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Back to the Grind: 5 Great Coffee Grinders

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[Photos: Liz Clayton and manufacturers]

If there's one obstacle between you and your coffee it's how to get beans dissolved into water, and without a coffee grinder on your side, you're going to lose the battle. Though there are a lot of lazy-man's-beliefs about what's suitable for home coffee brewing, there's one essential truth: grinding fresh, and grinding in a good coffee grinder, is perhaps the single most important thing you can do to make your good coffee taste great.

"Ground coffee is not just coffee ground up," says barista and grinder engineer Michael Elvin of Olympia Coffee Roasters. "You need to have the right fineness/coarseness to get a good extraction. If it's too fine for the method of brewing, your coffee will be harsh and medicinal. Too coarse, your coffee will be thin and more like tea than coffee."

So whether you're still wed to the idea of months-ago-ground coffee in vacuum-tight tins, or if you proudly grind at home with a blade grinder, or run it through the giant machine at the supermarket (you know, the oily behemoth that smells like Irish Cream blend?), you'll benefit from at least a little of the science behind why grinding fresh and grinding evenly are so critical. You've heard the preaching, but it's true: a conical burr grinder is the only real way to ensure even particle size, and any other whirly-blade mechanism will offer uneven results at best.

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And though there are certainly those times for all of us (tropical vacation, sleeping roommates) we'll feel the need to grind ahead (Elvin suggests that when traveling, you buy small amounts of coffee at shops en route and have them grind it for your brewer) your coffee will never have as much flavor than it does when grinding right before you brew. Alright, the basics dispensed with, let's look at some of the best choices on the market for you to start dropping holiday hints about before it's too late.


1. Baratza Virtuoso20111214virtuoso.jpg
I frequently recommend Baratza's wide range of reliable, durable home grinders. The Virtuoso falls in the middle of their spectrum of "best you can afford" to "whoa, that's a lot of money". With a sturdy, weighted base, this machine feels like the powerful device a grinder should, and its variety of grind settings (from espresso to super-coarse for French Press) make it versatile enough for most home needs. Burrs are easy to clean (and also cheap and easy to replace, when the time comes) and customer service is excellent. An all around no-nonsense grinder that does a great job with small countertop footprint. Can be adapted (with extra items to purchase) to take a portafilter for home espresso baristas.

2. Hario Skerton20111213skerton.jpg
What's that you say? Living off the grid? Even with easy access to alternating current, the Hario's iconic Skerton hand-mill is a fantastic way to get your coffee beans into smaller pieces. As hand grinders go, it's one of the best—small but with a good capacity in the grinds chamber, reasonably priced, and its durable ceramic burr set produces consistent and evenly-sized coffee grounds at a variety of settings. Adjusting the size of your grind will take a moment of getting-to-know-your-grinder time, but it's an easy machine to learn and love. The jar is designed to be held between the knees while grinding, for maximum ergonomics, and the bottom glass receptacle doubles as a storage jar that you can keep any excess grounds in for later if you need to.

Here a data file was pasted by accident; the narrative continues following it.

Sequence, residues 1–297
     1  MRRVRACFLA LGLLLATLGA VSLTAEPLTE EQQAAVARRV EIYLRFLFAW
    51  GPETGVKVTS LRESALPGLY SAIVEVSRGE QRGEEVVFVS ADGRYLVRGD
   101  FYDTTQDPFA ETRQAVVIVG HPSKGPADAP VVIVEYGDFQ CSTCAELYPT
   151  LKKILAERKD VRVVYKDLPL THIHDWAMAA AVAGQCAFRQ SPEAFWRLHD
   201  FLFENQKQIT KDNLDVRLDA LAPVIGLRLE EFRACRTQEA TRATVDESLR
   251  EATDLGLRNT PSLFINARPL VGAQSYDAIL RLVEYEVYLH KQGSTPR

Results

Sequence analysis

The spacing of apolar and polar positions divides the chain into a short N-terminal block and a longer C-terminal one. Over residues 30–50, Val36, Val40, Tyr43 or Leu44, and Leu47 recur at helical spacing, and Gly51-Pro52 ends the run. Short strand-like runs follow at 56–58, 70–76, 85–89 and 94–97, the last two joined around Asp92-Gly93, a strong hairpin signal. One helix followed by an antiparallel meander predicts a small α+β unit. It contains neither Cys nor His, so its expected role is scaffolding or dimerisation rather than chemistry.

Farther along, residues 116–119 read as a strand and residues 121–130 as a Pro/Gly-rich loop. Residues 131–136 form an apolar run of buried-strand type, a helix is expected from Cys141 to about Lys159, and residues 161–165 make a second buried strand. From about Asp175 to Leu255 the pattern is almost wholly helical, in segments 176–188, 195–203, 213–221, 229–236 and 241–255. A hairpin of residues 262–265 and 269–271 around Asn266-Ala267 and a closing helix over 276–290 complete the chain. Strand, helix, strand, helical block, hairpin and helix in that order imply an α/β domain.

3. Hario Ceramic Slim20111214ceramicslim.jpg
Doing the Skerton one better—or smaller anyway—is Hario's other manual grinder, the ceramic slim. This taller, skinnier model is easier to hold in your hand, but can only retain a smaller amount of grinds in its plastic chamber. That said, the chamber's got premeasured doses on it to make your repeated use while on the go that much easier. It's so small and light it makes the ideal travel grinder, fitting harmoniously into an overnight bag next to your Aeropress. This model is also slightly more intuitive to adjust grind size with than the Skerton. With fresh ground coffee this easy to make on the go, finding hot water is suddenly your only obstacle.

4. Baratza Vario20111214vario.jpg
A meeting of the supergrinderpowers, this high-end home grinder uses Baratza's ease of use and domestic footprint combined with German grinder pro Mahlk├Ânig's superior ceramic burr set to offer a truly fine prosumer grinder that's as good for espresso as French press—or the more than 200 settings in between. It's portafilter-ready (but has a standard grounds-collecting chamber if you need it) and offers the ability to grind only exactly as much coffee as you want through digital dosing. Unfortunately, you can't remove the whole hopper from the top and swap it out (like in a real coffee shop), but it does almost everything else.

5. Breville Smart Grinder20111214smartgrinder.jpg
This recent entry into the home or very-slow-cafe marketplace is a real charmer, essentially attacking the Vario market at a more approachable price. Though it offers a much narrower range of grind sizes, it adds technology that automatically recalibrates the amount of a needed coffee dose as you surf for the ideal grind setting. Intuitive and clever, this may be a problem-solver for many geekier home baristas and a sturdy, attractive machine for the casual aficionado set. Hopper comes off for easy swapping, and the little guy also comes portafilter-ready with extra grounds storage containers to boot.

About the author: Liz Clayton drinks, photographs, and writes about coffee and tea all over the world, though she pretends to live in Brooklyn, New York. She is bad at keeping up her coffee-world blog at twitchy.org

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